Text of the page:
Stephen Jackson is a former relief worker with operational and research experience in complex humanitarian emergencies in Africa, Asia and Europe. He is currently the associate director of the SSRC's Conflict Prevention and Peace Forum.
In October 1989 the Loma Prieta earthquake struck California with a force equal to 7.1 on the Richter scale, claiming more than 60 lives.
In February 1997, an earthquake struck north-western Iran, tearing apart rural areas and claiming 1000 lives. This earthquake was roughly one-fortieth Loma Prieta’s strength1 — but it killed more than 16 times as many people.
Three months later, a stronger tremor, exactly equal in force to the California quake, again struck Iran – this time in the east, killing a further 1,000 people.
There’s much that is unnatural in how natural disasters claim lives.
Between 1991 and 2001, 2,557 natural disasters were reported worldwide. Of those who died in these floods, earthquakes, famines, droughts and epidemics, just 2 percent hailed from countries considered ‘highly developed’ in international rankings. Two-thirds of the dead came from the world’s ‘least developed countries’ (LDCs).2 Over the same period, on average 23 people would die in disasters in developed countries against 1,052 in the LDCs.
The scale of a disaster’s impact has much less to do with, say, an earthquake’s Richter force or a hurricane’s category strength than with the political economy of the country or region that it strikes. To underline this point, and drawing on a body of earlier research, a team from the International Federation of Red Cross and Red Crescent Societies (IFRC) in Geneva (of which I was a member) proposed that we learn to think in terms of “Un/natural Disasters”.3 As IFRC Secretary-General Didier Cherpitel wrote at the time,
In many cases, nature’s contribution to ‘natural’ disasters is simply to expose the effects of deeper, structural causes – from global warming and unplanned urbanization to trade liberalization and political marginalization. The effects of man’s action are often evident – many natural catastrophes are un/natural in their origins”.
Penned in 2001, these words provide a forlorn epitaph for Katrina’s dead.
Proximately, the havoc that disasters wreak – including mortality, displacement, economic destruction – is determined by four factors.
The first of these is pre-disaster preparedness and mitigation. From constructing housing (or levees) to withstand natural stocks to pre-positioning adequate relief supplies and preparing realistic evacuation plans, the ability of communities and societies to plan ahead to resist disaster is critical.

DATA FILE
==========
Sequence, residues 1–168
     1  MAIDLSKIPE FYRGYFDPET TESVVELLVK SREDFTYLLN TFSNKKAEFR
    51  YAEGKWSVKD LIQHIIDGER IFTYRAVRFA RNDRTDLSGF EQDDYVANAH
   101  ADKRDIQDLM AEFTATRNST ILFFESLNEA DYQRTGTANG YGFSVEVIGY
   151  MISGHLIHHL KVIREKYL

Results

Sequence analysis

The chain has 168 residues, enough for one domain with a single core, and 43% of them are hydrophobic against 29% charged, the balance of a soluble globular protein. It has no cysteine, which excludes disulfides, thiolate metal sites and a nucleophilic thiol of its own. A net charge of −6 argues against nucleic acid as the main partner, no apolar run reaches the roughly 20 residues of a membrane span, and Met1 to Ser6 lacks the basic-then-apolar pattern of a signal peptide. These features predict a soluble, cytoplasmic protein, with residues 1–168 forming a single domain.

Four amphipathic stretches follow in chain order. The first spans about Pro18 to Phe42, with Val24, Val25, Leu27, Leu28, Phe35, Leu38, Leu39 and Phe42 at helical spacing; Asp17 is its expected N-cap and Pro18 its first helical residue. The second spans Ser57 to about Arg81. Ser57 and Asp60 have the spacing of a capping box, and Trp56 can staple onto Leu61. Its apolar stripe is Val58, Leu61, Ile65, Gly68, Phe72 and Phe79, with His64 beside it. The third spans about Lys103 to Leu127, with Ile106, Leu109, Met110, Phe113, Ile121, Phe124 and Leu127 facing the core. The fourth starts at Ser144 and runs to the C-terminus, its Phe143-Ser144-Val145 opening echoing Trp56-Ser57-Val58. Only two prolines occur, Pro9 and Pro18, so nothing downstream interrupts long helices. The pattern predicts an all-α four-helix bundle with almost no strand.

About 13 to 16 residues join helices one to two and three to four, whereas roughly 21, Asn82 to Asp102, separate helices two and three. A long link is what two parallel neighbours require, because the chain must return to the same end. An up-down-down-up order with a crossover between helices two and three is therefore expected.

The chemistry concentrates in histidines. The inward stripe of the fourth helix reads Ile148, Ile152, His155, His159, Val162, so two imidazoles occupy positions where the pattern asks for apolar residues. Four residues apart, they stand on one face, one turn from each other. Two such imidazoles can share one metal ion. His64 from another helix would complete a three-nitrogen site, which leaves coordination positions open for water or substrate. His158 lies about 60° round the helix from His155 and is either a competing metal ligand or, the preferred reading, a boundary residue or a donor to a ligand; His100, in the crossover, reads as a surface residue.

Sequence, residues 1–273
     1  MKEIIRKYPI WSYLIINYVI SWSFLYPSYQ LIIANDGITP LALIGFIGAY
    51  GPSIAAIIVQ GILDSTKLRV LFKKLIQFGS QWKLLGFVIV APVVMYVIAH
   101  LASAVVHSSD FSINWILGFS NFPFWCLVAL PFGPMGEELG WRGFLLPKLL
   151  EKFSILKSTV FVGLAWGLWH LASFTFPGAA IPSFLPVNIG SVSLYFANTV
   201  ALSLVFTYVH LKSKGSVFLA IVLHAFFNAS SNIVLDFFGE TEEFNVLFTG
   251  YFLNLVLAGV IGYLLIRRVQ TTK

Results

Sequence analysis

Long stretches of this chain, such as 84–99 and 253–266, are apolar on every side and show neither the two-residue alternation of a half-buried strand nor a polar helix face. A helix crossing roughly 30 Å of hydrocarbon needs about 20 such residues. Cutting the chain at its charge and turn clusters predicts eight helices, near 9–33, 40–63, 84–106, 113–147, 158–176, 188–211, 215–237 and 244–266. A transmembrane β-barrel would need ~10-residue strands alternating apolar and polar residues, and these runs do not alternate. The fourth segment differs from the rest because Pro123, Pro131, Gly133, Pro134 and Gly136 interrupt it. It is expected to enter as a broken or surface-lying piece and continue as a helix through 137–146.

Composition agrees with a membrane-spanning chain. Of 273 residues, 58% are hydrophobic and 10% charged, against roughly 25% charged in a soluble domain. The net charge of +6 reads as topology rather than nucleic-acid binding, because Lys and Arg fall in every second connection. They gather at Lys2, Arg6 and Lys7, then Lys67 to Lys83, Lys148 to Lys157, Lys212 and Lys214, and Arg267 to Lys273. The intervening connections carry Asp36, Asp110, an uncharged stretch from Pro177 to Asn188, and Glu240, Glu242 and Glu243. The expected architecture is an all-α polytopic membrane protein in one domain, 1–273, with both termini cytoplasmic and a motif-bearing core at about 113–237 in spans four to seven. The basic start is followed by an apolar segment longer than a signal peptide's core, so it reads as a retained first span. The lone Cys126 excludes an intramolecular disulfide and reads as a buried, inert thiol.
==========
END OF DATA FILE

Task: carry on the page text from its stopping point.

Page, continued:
Second, the in-disaster coping capacities of affected populations: are there resources on which they are able to fall back? In some hunger-prone regions of the world, for example, ‘famine foods’ – not eaten in good times but growing wild and freely available – can provide some meager support in periods of scarcity. In developed ones, have communities been able to build up and ensure access to stockpiles of canned goods, drinking water and first aid supplies? Or has their ability to build up a margin of safety been whittled away by poverty and marginalisation?
Third, the immediacy, quantity, efficiency and coverage of the disaster response: each element is critical. Response may be timely but insufficient, ignoring key communities; or, as is all too frequent in the case of major “CNN catastrophes” which creep onto the world’s television screens, the response may eventually be large but months too late. The response to Hurricane Katrina has proven unacceptable on all these fronts: neither timely, efficient, nor sufficient.
Finally the longer term commitment of governments and other actors to post-disaster recovery: long after the flood waters and the tv cameras both recede, reconstruction and rehabilitation are critical in rebuilding shattered lives and livelihoods. But continued commitment (and investment) at this point can capitalise on a unique opportunity to build towards the reduction of future disasters. Neither the recent comments by House Speaker Dennis Hastert that it would be pointless to rebuild New Orleans4, nor those of former First Lady Barbara Bush asserting that the Hurricane-displaced sheltering in a Houston relocation site were now “better off” than before the disaster5, encourage optimism that the political understanding, will or attention is there to undertake the long term work of building capacity to resist future disaster in New Orleans.
For, important as these four factors are, the politics of poverty is the critical determinant which underlies and compromises each of them.
The Politics of Vulnerability
Seeking to illustrate the critical role of political exclusion in producing vulnerability to disaster, in 2000/1 the IFRC’s Seán Deely and I researched the “drought” then affecting much of Central Asia. In late 2000, Tajikistan’s President had issued an urgent appeal for international assistance to combat a looming crisis of hunger. President Rakhmonov pointed out that during 2000 Tajikistan’s rainfall had been the “the lowest in 74 years” and domestic cereal production (wheat is the staple crop) was down an enormous 47% on the previous year (which had, itself, been a poor harvest).
A priori, then, a major drought and famine was in the offing in Tajikistan, requiring immediate and obvious humanitarian response.